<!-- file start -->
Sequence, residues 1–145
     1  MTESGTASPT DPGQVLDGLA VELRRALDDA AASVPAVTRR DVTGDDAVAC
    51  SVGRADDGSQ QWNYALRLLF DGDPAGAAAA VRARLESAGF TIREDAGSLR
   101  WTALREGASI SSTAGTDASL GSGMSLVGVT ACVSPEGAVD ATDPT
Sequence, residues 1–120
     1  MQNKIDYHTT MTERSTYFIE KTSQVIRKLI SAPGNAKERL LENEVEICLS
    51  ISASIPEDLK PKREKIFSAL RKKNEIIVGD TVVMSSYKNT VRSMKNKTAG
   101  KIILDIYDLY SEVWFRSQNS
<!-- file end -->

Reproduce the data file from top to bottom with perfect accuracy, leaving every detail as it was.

Sequence, residues 1–145
     1  MTESGTASPT DPGQVLDGLA VELRRALDDA AASVPAVTRR DVTGDDAVAC
    51  SVGRADDGSQ QWNYALRLLF DGDPAGAAAA VRARLESAGF TIREDAGSLR
   101  WTALREGASI SSTAGTDASL GSGMSLVGVT ACVSPEGAVD ATDPT
Sequence, residues 1–120
     1  MQNKIDYHTT MTERSTYFIE KTSQVIRKLI SAPGNAKERL LENEVEICLS
    51  ISASIPEDLK PKREKIFSAL RKKNEIIVGD TVVMSSYKNT VRSMKNKTAG
   101  KIILDIYDLY SEVWFRSQNS